It’s been a while since I saw the film so it’s near to quickly relive the adventures over in manga format. The series was only 2 volumes so it makes for a quick read. It’s a fairly straight adaption of the film so it’s a good way of rewatching the film if you want to accomplish the task in about 30-40 minutes instead of the film’s run-time. Alternately, you could also do it for the action scenes since they’re a little better in the manga.
Hiro was having a good ole time showing off his science skills at a new school while his brother showed him around. He didn’t have many friends, but that never bothered Hiro. Unfortunately, everything changed when his brother was murdered and his invention was stolen by a mysterious villain. Hiro realized that the only thing he could do now was use his brother’s invention to beat the new villain black and blue. The problem is that the invention is a Marshmallow looking robot that has no real combat experience. Time to see if his big brain is just for show or not!
So, it’s partially a revenge story, but along the way Hiro realizes that he has to beat the villain by the book. His brother’s friends decide to help Hiro out and in exchange they receive power suits, which simulate powers. The friends can definitely hold Hiro back at times, but it’s always useful to have some backup for the big battles. One of the kids can roller skate, another one has a monster suit, etc. Some abilities are more useful than others of course, but Hiro can’t make everything appear to be super brilliant.
Fred’s the one with the monster suit and he’s always joking around. Turns out that the guy is rich, which is certainly useful and he’s the comedy of the series. None of his jokes are remotely funny, but he’s a good character and you need someone to mess with the team dynamic at times. GoGo is the roller skates girl and probably the only member who’s always ready for a fight. She does a good job of fighting back against the mysterious villain, but there’s only so much you can do with hockey pucks and roller skates.
Honey Lemon’s the most bland character of the bunch and as a result, she doesn’t really get any powers. She had something to do with bubbles or lights I believe, but her ability was not impressive. Wasabi easily had the best powers even if he didn’t use them to their fullest extent. He had Ice blades, which could really deal some massive damage if they could ever hit. Don’t underestimate good tech, but the problem is that the villain had the best tech.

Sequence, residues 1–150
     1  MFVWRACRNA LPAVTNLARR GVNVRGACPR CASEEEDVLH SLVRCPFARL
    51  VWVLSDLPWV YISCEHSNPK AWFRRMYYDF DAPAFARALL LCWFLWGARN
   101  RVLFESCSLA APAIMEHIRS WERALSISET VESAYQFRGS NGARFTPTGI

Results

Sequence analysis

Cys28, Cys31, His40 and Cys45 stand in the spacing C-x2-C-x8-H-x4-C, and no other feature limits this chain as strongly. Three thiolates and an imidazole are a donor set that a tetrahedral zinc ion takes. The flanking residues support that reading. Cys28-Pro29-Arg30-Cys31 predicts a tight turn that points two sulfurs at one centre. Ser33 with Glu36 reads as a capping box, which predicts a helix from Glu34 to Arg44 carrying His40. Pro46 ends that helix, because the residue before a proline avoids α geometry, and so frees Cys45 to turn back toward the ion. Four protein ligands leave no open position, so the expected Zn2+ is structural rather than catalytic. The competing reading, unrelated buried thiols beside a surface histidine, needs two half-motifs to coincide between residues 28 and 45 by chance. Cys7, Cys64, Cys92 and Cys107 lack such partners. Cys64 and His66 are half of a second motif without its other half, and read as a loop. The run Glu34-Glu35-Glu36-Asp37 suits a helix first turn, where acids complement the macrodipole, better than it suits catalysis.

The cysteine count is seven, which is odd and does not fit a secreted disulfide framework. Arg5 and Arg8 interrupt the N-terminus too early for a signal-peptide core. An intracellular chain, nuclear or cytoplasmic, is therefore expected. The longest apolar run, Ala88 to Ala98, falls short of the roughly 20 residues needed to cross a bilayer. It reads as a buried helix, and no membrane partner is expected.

The villain went by the name of Yokai although I never remember anyone actually calling him that. Using the nanobots at his disposal, he can essentially do just about anything. They can lift, move things, transport him around at high speeds, etc. He essentially had the upper hand against the heroes a lot of the time and whenever the heroes would come close to defeating him, they’d stop Hiro and remind him that they’re supposed to be heroes and must play by the books. Yokai gets a sob story as you might have expected. It’s a touching story I suppose, but it doesn’t really excuse the fact that he went about obtaining his goal in a very iffy way. Let’s face it, Hiro and Tadashi (Hiro’s brother) would have been glad to have helped him.
Sadly, the after credits scene of the film isn’t in the manga version, but that’s okay. It’s harder to do a twist ending in a manga although it would certainly have been awesome if it was included. The ending is rather complete and the mission of saving Tadashi can be considered as enough of a cliff hanger. I think another 2-4 volumes would have helped the series pacing wise though. It would have given the team more time to train, fight other villains to gain experience, and then they could have tackled the final boss. As it stands, the manga moves at a very high speed and that’s a good thing, but it also means that the adventure is over that much sooner. There’s not a whole lot of time to get to know the characters.
For example, Hiro’s a main character, but there’s not a lot of time to get to know him. He comes across as a little generic, which could have been eliminated had the series been longer. Still, he’s a good hero and someone that you can root for. I’m not a fan of Baymax though. I don’t find him charismatic or likable and I was just never able to get into the character. I would have preferred the comic design or a more aggressive personality. His A.I. is just a little too limited and the personality doesn’t match the character design. He can fight a little, but typically only as a last resort and by then the odds are stacked against him. He puts the heroes in a tough spot a few times.
The art’s a little cluttered during the fight scenes, but pretty good otherwise. In a sense, it has that “adaption” feel to it so you can tell that it’s not an original story. Most manga series have that effect like Kingdom Hearts or the Pokemon movie adventures. It’s probably intentional or perhaps the artists are trying really hard to emulate the movie’s style, which is how that happens. Either way, the art is fairly good and I was glad that the manga tried to stretch out the fights as much as possible. More action is always a good way to pad the volumes.
Overall, Big Hero 6 is a fun manga. It’s not very deep so don’t expect much more from it than a quick action adventure, but that’s all it needs. You know what you’re getting into from the get go and there’s not a whole lot that you can do in 2 short volumes. There are no really bad characters and no really big negatives. It’s a lack of positives versus having negatives that limits it from a higher score, but a solid seven is the end goal that should always be desired as a minimum. Getting lower than a 7 is what’s a cause for worry. This score is certainly a lot higher than my next few manga reviews so…prepare yourself!